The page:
With the 2007 world cup just round the corner, what would have been really nice was some sort of morale boosting solid performance; show some parity where it counts and maybe put together some moments where we could all look at each other and go “hmmm, the boys have clearly practiced that one”.
Instead, Gareth Jenkins took the Welsh 3rd XV to Twickenham to face pretty much England’s first choice line-up. The first choice Welsh side wasn’t exactly firing with confidence, and their replacements were not exactly kicking down the door demanding to be instated. So mustering the thirds, introducing them to each other the day before and sending them out into an amphitheatre sporting loincloths and penknives against professional gladiators replete with industrial scythes and AK47s, could only be kept in the archives in a box marked ‘Really Bad Idea’.
It was perhaps best summed up by everyone who watched it with the pertinent question “What was the point in that then?” The only conceivable answer to this question that stood up to any scrutiny being “A pay-day and confidence-boosting training session for the RFU”.
4 tries for Nick Easter is a heinous crime. Subbing him for Dallaglio who then scores a try is like finding your house has been burgled and the gits have shat on the lounge carpet for good measure. And then poor Tom James gets called off the bench for his first cap – and his only chance to stake a claim for a world cup spot – with 50-5 on the scoreboard and 78 minutes on the clock. Thanks for that.
This sorry episode should be removed from human memory by whatever means necessary. Alternatively, a win of any sort for Wales on Saturday will go a long way to allowing the ghosts of the little bits of us that died that day to cross over to a better place and be at rest.
Speaking at an Amnesty International event yesterday, Bono, conscience of the world and millionaire saint brought the plight of 42 Welshmen held captive in Poland to the attention of the global media. Unknown captors have held the tourists at a secret location in eastern Europe in what is believed to be a pay-as-you-go exclusive venue for the rich to torture kidnapped victims for sadistic pleasure.
“Have we lorned nothin’?” Bono pleaded with a banging fist on the podium. “When yuz torcher people, you never get what you want”.
A journalist pointed out that if they just wanted to make people suffer and get their rocks off over it, then in this case they probably were actually getting what they wanted.
“Ok, ok yeah, foin. But yooooshaly – yoooshaly is what I’m sayin’ – dere’s no point to it. Deez are 42 fellas, banged up at the morcy of evil men, and they’re being kept in fridges at minus 140. Minus feckin 140! That’s like in space or whatever. Then they’re made to run around a field with dronk people shootin’ at them, troying to catch moice and beetles to eat. We can’t turn a bloind eye to this! And that’s why we’ve teamed up with Max Boyce on our latest single – ‘42 Men in a Fridge’. It’s mostly really shoit, but the chorus goes:
42 men in a fridge, why doesn’t God set them free?
42 men in a fridge, is there something better on TV?
42 men in a fridge, bangin’ on the door to be set free.
42 men in a fridge, maybe there used to be 43.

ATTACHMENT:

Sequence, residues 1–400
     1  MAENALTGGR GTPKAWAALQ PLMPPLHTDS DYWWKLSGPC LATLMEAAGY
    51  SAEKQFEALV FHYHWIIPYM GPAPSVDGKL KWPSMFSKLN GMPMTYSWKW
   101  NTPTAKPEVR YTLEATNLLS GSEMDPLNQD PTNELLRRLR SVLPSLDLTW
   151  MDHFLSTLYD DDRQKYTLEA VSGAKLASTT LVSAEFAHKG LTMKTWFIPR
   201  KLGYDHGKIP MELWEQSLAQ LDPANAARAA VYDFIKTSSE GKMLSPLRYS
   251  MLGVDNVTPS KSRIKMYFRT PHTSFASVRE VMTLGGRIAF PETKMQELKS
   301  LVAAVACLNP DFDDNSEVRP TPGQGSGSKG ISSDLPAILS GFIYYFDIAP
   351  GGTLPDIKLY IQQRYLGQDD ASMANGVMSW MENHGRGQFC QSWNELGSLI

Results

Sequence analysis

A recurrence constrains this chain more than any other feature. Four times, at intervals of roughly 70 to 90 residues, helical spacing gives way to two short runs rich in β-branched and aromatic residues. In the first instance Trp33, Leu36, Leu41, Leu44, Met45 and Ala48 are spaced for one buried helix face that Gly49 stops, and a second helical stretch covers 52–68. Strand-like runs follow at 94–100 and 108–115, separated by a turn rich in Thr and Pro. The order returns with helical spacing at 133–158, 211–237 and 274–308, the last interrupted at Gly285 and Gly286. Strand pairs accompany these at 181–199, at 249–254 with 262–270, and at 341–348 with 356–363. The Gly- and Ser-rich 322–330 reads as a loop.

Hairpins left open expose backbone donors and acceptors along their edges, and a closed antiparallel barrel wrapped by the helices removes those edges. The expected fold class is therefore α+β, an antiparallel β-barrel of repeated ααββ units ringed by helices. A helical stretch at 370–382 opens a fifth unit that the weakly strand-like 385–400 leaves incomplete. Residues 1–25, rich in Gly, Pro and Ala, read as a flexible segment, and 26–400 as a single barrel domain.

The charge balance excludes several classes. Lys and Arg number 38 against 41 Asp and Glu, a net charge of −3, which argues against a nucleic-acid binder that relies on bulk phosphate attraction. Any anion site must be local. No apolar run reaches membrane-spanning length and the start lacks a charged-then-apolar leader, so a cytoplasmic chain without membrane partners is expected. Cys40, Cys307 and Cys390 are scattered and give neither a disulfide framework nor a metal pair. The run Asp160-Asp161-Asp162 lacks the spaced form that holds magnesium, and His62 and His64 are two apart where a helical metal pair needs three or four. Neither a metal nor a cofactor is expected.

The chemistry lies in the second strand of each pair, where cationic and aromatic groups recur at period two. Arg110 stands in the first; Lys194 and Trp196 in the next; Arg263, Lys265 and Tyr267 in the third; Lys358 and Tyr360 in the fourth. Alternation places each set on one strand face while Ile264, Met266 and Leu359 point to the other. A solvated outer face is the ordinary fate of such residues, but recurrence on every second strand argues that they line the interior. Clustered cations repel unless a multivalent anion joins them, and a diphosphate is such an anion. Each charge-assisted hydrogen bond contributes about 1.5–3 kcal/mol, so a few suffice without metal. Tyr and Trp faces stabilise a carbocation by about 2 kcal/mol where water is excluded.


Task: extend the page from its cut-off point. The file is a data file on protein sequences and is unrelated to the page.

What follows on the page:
“I do this high-pitched falsetto thing as backing vocals and Edge is playing a big doorbell solo. It’s still massively shoit, though.”
As silly season continues, it’s time to look back into the archives of rugby’s great moments. Today it’s the jaw-dropping moment during the 2009 Lions Tour’s second test in Pretoria with the scores tied at 25-25, when Ireland’s O’Gara – having been on for a matter of minutes and having already oafed-up for a springbok try – hears strange voices in his head. They tell him that a kick to touch for the draw might be nice and would give his mates a chance of levelling the series in the next test, but hey man, a punt up in the air, a chase and gather on the half way line, a burst of pace through a paralysed defence and a stunning touchdown under the posts, that sounds like a much MUCH better idea.
Unfortunately, that’s not quite how it happened. Du Preez recalls what happened next.
“What the hell is happening? I thought. Why am I in the air gathering a ball that should be in the stands? This is hilarious! Then all of a sudden, to top it all, I’m sensing O’Gara is actually trying to take me out in the air. I’m thinking ‘penalty’, I’m thinking ‘series win’, and I’m thinking ‘big cigars and dancing girls’. Then it happened; pain the like of which I’d never experienced, all made the more surreal by trying to balance on feet three metres below me which were staggering all over the place. It was like riding a unicycle. If the unicycle had a head for a seat. And was stuck up your arse. And kept shouting “Oi never touched him” in a really muffled voice. Then I fainted.”
Doctors at the hospital still say it’s the most complicated procedure they’ve ever undertaken. It took a marathon seven-hour operation to free the Irish fly-half’s head from the rear cavity of Du Preez involving an oxygen tube, three gallons of KY Jelly, a pulley system and eighty stitches. The senior surgeon insisted that the incident was a one in 240 million chance that normally would end in severe head or neck injury for the unlucky person who felt the full force of an arse at that velocity.
“The precise speed and angle of descent in this incident allowed the sphincter to close again around the head so fast that no tearing occurred. It appears that O’Gara had managed to get himself in exactly the worst place he could possibly be at that moment in time, yet ironically, it was also the best place. Riddle me that, batman!”